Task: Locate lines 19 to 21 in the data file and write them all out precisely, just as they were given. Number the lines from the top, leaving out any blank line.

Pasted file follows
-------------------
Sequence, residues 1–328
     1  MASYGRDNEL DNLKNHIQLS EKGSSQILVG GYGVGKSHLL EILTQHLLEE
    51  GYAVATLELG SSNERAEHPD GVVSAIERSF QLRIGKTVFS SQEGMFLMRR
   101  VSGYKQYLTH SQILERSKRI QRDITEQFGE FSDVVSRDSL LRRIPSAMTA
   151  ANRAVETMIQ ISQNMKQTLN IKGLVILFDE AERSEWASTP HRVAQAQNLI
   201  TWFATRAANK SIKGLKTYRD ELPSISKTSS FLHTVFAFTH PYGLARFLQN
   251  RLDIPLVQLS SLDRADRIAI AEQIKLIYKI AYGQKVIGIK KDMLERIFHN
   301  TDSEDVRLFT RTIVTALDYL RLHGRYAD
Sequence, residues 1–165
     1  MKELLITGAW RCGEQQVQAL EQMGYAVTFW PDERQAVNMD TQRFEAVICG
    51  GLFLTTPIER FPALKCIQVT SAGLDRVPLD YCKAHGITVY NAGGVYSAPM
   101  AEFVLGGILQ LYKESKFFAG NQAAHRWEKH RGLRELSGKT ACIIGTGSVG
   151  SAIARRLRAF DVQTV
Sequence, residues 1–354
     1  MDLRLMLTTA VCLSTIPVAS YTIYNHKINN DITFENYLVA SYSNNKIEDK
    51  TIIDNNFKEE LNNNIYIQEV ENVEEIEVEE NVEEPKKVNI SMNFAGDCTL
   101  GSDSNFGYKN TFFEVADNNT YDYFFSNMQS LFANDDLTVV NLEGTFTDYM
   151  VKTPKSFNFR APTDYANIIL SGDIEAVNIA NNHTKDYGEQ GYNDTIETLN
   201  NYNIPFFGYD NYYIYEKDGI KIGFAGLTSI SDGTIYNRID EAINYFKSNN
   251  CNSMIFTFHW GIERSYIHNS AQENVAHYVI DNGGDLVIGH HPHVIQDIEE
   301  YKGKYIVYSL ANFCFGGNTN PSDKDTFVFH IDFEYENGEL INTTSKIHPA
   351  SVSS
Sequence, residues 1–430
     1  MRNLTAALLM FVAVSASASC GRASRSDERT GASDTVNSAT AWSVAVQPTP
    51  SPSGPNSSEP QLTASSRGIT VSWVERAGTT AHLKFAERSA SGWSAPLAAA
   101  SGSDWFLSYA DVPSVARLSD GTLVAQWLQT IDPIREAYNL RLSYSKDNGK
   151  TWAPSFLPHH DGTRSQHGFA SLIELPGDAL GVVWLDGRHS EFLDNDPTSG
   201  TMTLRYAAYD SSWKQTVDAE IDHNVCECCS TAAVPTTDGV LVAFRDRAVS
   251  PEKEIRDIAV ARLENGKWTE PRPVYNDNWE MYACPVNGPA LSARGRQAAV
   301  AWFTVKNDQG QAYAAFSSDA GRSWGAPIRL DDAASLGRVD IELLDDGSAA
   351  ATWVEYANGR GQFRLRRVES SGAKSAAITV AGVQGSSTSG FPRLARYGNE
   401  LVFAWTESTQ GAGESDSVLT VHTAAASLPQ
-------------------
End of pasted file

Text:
   201  NYNIPFFGYD NYYIYEKDGI KIGFAGLTSI SDGTIYNRID EAINYFKSNN
   251  CNSMIFTFHW GIERSYIHNS AQENVAHYVI DNGGDLVIGH HPHVIQDIEE
   301  YKGKYIVYSL ANFCFGGNTN PSDKDTFVFH IDFEYENGEL INTTSKIHPA